What Contractors Need to Consider When Purchasing Equipment Telematics


Telematics can be an invaluable tool for contractors who want to track and monitor key assets more effectively, like heavy equipment and vehicles. The rise of smart technology and other Industry 4.0 tech has made these systems more accessible and powerful, encouraging contractors to invest.

However, implementing telematics can be costly and time-consuming, and not every system will provide the specific benefits a fleet owner or logistics professional needs. Knowledge of these factors will help any contractor make more informed decisions when purchasing telematics for heavy equipment.

Feature Considerations

System features are one of the most important factors for contractors wanting to purchase telematics equipment. Not all providers offer the same options, and pricing for equipment and devices can vary significantly depending on what a particular contractor needs.

More complex telematics systems can also be more expensive to purchase and maintain. If a contractor just needs the ability to track assets in real-time, functionality beyond GPS- or RFID-based tracking may make the system more expensive while not providing much additional value.

These are some of the most common telematics systems and the ones a contractor is most likely to need:

1. Real-time location tracking: Most systems offer GPS-based tracking that allows fleet managers to monitor the location of assets in real-time.

2. Alerts: Automatic notices trigger when customizable conditions are met — like assets moving after work hours or faster than local speed limits or scheduled maintenance alerts.

3. Asset and driver data reports: In addition to real-time reporting, most systems will also offer reports or dashboards that sum up recent events and patterns of usage. Contractors can use this information to track driver behavior, asset performance or machine health.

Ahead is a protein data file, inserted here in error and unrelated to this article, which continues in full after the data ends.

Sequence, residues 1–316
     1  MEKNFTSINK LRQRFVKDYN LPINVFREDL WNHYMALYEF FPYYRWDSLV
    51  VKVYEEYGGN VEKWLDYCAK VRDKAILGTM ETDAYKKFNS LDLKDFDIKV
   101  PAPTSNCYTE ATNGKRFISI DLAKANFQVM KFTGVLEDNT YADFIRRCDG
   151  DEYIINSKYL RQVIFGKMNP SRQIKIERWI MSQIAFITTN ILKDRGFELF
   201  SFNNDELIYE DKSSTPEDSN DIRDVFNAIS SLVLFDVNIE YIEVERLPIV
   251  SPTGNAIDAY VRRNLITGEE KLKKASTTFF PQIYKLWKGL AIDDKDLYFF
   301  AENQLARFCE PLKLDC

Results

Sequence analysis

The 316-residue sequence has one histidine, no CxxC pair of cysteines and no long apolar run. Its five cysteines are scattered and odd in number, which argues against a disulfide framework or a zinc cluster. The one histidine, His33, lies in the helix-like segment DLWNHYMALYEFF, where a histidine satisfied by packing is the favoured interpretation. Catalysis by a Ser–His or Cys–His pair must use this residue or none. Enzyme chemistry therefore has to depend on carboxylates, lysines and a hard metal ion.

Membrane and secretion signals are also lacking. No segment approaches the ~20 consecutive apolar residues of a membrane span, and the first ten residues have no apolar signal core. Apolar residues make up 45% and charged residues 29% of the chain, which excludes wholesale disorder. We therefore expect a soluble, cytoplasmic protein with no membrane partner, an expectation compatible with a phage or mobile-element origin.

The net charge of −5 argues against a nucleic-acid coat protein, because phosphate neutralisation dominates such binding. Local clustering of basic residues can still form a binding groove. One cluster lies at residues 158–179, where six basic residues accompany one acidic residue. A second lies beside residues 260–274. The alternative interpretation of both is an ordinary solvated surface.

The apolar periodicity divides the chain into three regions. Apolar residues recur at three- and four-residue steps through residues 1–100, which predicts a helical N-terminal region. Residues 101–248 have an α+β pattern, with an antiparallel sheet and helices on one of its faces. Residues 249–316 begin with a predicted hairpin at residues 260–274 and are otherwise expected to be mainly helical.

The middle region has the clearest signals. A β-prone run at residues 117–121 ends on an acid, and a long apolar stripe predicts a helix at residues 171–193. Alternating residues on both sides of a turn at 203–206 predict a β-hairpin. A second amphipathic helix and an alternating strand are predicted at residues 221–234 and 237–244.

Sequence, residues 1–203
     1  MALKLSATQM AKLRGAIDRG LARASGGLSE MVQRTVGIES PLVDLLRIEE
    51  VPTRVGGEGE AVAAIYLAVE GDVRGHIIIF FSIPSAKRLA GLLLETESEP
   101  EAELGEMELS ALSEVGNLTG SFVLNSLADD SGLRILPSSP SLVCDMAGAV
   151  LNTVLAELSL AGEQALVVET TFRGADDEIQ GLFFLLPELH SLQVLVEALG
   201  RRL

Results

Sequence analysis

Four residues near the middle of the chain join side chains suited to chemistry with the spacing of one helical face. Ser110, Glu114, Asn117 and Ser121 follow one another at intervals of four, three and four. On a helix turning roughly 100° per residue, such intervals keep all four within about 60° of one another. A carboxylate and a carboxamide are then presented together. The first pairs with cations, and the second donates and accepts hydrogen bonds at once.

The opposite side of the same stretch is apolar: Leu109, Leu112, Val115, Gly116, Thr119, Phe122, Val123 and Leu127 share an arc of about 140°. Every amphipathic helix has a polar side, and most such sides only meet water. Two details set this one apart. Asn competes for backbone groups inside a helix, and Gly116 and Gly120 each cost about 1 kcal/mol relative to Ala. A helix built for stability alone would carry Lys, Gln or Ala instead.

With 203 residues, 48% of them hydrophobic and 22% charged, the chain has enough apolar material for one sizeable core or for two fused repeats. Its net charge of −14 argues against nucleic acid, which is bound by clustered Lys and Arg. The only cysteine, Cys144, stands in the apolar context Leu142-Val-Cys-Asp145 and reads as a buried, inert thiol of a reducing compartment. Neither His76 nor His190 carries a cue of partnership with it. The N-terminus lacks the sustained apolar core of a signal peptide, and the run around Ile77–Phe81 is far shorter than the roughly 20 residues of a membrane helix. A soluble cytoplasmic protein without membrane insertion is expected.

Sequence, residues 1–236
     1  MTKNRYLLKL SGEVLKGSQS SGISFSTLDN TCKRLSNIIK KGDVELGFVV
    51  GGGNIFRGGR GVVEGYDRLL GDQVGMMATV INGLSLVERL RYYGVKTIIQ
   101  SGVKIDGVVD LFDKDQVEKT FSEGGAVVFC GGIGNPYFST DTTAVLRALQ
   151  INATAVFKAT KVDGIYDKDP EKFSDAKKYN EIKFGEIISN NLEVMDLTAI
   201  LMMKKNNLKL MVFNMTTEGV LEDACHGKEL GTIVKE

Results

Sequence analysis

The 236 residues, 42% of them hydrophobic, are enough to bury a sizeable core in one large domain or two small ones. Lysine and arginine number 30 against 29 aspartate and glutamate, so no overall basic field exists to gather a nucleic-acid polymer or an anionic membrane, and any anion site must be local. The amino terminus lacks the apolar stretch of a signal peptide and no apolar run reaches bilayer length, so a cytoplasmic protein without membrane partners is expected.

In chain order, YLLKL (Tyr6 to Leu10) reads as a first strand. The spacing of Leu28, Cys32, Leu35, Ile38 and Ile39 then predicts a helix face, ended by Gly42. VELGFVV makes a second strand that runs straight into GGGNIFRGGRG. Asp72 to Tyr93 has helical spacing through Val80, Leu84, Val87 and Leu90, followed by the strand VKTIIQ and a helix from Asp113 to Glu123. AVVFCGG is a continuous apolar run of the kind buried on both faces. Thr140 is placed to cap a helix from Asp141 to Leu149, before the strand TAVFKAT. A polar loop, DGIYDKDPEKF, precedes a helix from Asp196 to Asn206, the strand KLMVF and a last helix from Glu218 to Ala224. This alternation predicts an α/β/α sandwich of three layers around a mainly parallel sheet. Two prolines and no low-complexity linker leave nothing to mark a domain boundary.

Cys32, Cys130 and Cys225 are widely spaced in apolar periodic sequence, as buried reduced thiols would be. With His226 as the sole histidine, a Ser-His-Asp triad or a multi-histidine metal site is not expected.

4. Asset diagnostics: Telematics systems can integrate directly with important vehicle or asset systems like engine control units (ECUs), providing them with access to data from sensors and monitoring devices. This allows the system to provide important information on vehicle health and performance to system owners — alerting them automatically when faults are detected or maintenance is needed.

5. Customer service: Dedicated customer support lines provide assistance with telematics system operation, troubleshooting and maintenance scheduling.

The specific data points that asset telematics will track can vary from system to system. Providers may offer monitoring for a wide range of data, including information on seatbelt usage, emissions, dashcam footage, fuel consumption, fuel efficiency, idling and performance.

Selecting a telematics system that offers the features a contractor needs will help them avoid overspending or selecting one that isn’t a good fit.

Contractors should also consider synergy and integration with existing technology. A business that takes advantage of IoT monitoring may want to investigate how the two systems could share data or be configured to supply information to the same dashboard.

Businesses that take advantage of digital twins may want to investigate how additional data provided by telematics may allow them to more accurately model construction sites, buildings or business operations.

Purchasing vs. Renting Telematics for Fleet Management